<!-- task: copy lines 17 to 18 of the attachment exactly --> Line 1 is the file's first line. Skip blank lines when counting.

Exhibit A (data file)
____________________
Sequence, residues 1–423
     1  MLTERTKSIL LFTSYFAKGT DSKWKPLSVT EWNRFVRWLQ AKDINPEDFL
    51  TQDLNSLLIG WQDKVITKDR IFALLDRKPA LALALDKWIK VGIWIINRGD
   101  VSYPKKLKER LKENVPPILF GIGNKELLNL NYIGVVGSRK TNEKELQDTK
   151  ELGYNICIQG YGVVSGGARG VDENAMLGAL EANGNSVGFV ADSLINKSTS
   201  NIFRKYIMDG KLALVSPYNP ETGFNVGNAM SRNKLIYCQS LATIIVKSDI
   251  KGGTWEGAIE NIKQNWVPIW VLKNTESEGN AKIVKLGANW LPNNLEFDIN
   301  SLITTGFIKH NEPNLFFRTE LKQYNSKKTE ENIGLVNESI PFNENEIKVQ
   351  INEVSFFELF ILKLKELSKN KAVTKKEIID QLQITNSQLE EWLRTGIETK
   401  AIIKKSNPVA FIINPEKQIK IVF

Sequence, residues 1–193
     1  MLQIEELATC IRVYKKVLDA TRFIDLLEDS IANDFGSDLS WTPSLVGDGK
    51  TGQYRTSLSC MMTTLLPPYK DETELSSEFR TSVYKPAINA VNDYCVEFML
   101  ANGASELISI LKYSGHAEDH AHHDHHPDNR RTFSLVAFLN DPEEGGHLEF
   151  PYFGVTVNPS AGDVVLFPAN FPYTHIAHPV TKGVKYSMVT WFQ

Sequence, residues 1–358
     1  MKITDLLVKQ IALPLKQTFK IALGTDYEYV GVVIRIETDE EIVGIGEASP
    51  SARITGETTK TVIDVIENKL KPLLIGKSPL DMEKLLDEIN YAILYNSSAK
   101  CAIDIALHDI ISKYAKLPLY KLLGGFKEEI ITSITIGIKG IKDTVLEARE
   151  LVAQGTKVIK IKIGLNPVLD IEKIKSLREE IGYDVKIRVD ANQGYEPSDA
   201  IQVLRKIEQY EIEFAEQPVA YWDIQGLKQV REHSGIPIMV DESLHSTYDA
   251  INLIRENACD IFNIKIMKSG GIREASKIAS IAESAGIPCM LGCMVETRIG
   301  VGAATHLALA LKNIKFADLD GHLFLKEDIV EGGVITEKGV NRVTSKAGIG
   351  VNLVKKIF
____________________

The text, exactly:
     1  MKITDLLVKQ IALPLKQTFK IALGTDYEYV GVVIRIETDE EIVGIGEASP
    51  SARITGETTK TVIDVIENKL KPLLIGKSPL DMEKLLDEIN YAILYNSSAK